Last year, two major corporations – GM and Verizon – announced plans to shift their pension liabilities to annuities administered by Prudential. The moves garnered national headlines and some measure of controversy. Verizon retirees filed a lawsuit in an attempt to halt the transfer.
However, GM and Verizon are far from the only corporations that have sought to lessen the financial strain of defined benefit (DB) or pension plans on their balance sheets. According to a 2012 report, “Unlocking Shareholder Value Through Pension Risk Transfers,” by management consulting firm Oliver Wyman, overall single employer-sponsored corporate DB pension plan liabilities total roughly $2 trillion on a U.S. GAAP basis.
Oliver Wyman’s sister company, Mercer, recently launched a U.S. Pension Buyout Index, to help plan sponsors evaluate how much it would cost to have an insurer take over their retiree liabilities in a DB plan. It estimates that of domestic plan sponsors that have a DB plan, 60 percent have either closed or frozen their plans. Therefore, “many sponsors are thinking carefully about what their eventual ‘endgame’ will look like for their plan(s),” speculates the Oliver Wyman report.
But what is the endgame for the retiree who is offered the choice of the buyout or staying with the pension? That’s a dilemma an increasing number of financial planners may have to answer for clients in the future.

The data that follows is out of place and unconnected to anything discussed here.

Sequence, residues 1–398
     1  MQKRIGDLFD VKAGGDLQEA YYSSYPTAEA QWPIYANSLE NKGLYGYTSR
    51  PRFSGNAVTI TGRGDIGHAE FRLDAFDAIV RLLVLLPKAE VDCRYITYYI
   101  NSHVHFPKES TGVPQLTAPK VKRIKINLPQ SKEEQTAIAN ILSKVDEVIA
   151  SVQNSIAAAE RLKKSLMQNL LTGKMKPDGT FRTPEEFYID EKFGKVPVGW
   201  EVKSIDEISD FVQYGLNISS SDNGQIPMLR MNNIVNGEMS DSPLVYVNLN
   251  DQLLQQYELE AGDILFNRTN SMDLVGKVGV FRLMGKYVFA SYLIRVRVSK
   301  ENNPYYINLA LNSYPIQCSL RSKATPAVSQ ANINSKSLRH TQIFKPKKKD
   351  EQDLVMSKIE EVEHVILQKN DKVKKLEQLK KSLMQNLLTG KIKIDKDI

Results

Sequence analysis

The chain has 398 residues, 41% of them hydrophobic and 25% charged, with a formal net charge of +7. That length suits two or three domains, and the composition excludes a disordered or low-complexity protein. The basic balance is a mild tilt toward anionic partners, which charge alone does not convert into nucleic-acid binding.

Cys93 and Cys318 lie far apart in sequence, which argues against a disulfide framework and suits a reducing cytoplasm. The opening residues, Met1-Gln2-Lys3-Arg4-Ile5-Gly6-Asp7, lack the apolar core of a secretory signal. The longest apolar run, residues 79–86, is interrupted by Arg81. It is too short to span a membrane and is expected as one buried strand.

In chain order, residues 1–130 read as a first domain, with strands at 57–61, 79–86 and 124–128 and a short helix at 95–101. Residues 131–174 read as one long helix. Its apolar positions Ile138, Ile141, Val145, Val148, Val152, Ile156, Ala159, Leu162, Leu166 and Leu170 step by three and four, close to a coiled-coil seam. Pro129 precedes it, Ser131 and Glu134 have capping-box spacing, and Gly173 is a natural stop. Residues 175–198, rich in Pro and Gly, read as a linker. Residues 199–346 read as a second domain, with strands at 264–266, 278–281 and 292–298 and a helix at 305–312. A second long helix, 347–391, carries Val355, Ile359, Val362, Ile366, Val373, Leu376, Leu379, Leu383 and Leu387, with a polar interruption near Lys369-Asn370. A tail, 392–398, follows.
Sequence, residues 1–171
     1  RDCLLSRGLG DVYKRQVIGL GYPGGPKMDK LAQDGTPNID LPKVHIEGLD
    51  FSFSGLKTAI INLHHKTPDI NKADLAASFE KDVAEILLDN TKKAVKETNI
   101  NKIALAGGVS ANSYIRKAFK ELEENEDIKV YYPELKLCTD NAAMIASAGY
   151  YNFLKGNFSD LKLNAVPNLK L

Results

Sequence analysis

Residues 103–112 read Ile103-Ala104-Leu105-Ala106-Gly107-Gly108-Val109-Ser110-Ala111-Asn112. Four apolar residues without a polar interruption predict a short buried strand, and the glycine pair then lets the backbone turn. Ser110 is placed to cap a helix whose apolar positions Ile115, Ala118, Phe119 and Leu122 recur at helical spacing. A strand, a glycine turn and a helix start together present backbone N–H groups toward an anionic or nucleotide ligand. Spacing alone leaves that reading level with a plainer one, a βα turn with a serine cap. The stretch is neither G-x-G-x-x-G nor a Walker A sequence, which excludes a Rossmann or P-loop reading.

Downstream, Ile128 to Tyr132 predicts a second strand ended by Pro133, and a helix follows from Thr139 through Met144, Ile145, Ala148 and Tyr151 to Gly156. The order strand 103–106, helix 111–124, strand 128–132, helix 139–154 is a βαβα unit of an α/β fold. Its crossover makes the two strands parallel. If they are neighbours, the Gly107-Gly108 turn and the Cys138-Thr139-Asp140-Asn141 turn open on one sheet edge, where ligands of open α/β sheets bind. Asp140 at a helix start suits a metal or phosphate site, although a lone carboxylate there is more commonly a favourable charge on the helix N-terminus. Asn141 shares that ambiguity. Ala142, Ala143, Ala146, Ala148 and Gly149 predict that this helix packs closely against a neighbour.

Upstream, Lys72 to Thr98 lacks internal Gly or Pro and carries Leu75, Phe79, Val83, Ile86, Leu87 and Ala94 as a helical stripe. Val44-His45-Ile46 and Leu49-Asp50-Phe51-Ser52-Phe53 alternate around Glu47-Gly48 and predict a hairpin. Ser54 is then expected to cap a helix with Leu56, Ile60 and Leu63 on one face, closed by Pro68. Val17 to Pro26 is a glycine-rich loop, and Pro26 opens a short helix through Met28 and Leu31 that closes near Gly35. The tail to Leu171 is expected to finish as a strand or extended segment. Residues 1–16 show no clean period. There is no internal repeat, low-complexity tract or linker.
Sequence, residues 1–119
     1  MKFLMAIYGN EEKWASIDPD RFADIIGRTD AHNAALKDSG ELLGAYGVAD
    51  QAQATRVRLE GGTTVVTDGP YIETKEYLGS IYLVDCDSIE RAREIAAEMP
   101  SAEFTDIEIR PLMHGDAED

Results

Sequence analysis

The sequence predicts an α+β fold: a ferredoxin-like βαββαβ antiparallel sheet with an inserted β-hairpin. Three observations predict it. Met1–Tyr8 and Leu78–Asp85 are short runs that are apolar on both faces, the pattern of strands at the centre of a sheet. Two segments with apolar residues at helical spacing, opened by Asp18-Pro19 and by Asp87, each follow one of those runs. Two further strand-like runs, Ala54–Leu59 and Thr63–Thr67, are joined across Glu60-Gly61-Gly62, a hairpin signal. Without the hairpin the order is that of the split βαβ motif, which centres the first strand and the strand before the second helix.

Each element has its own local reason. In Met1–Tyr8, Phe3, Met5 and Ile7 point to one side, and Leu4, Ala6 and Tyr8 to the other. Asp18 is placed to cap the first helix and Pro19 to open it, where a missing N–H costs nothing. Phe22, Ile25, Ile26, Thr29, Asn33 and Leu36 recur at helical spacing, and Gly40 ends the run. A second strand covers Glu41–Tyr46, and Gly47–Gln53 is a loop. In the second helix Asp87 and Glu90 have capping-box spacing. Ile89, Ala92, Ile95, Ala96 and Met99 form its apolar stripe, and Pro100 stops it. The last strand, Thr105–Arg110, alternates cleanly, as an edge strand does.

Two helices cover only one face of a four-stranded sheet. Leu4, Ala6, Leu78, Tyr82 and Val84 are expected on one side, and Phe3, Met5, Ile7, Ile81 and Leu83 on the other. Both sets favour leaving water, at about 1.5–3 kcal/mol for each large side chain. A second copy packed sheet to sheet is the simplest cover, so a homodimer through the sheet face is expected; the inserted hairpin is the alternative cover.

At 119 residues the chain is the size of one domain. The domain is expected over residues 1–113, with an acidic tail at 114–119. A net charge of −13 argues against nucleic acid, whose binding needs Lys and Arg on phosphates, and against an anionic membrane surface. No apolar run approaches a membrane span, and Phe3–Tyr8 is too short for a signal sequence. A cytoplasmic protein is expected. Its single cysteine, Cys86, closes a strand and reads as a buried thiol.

One advisor, Jill Pollard, pictured, founder and president of Tailored Financial Services in Lupton, Mich., has been dealing with that question probably more than most in her profession of late. She’s located about two hours north of Detroit and estimates about half of her clients and prospects work or have worked in the auto industry. In the spring, she launched a website, www.thepensionbuyout.com, to dispense information a retiree should consider when offered a pension buyout. Though she doesn’t have an estimate of how many have visited the site, Pollard says she has booked about a dozen meetings with prospects who have visited the website.
Major life decision
For many, it’s a major life decision and one they never thought they would have to make. After all, having a pension was supposed to take care of a worker’s retirement finances. Now, they are not so sure.
“When people get this huge pension buyout check, they have no idea what to do with it,” Pollard says. “Should they take it? Shouldn’t they take it? It’s a big decision for them.”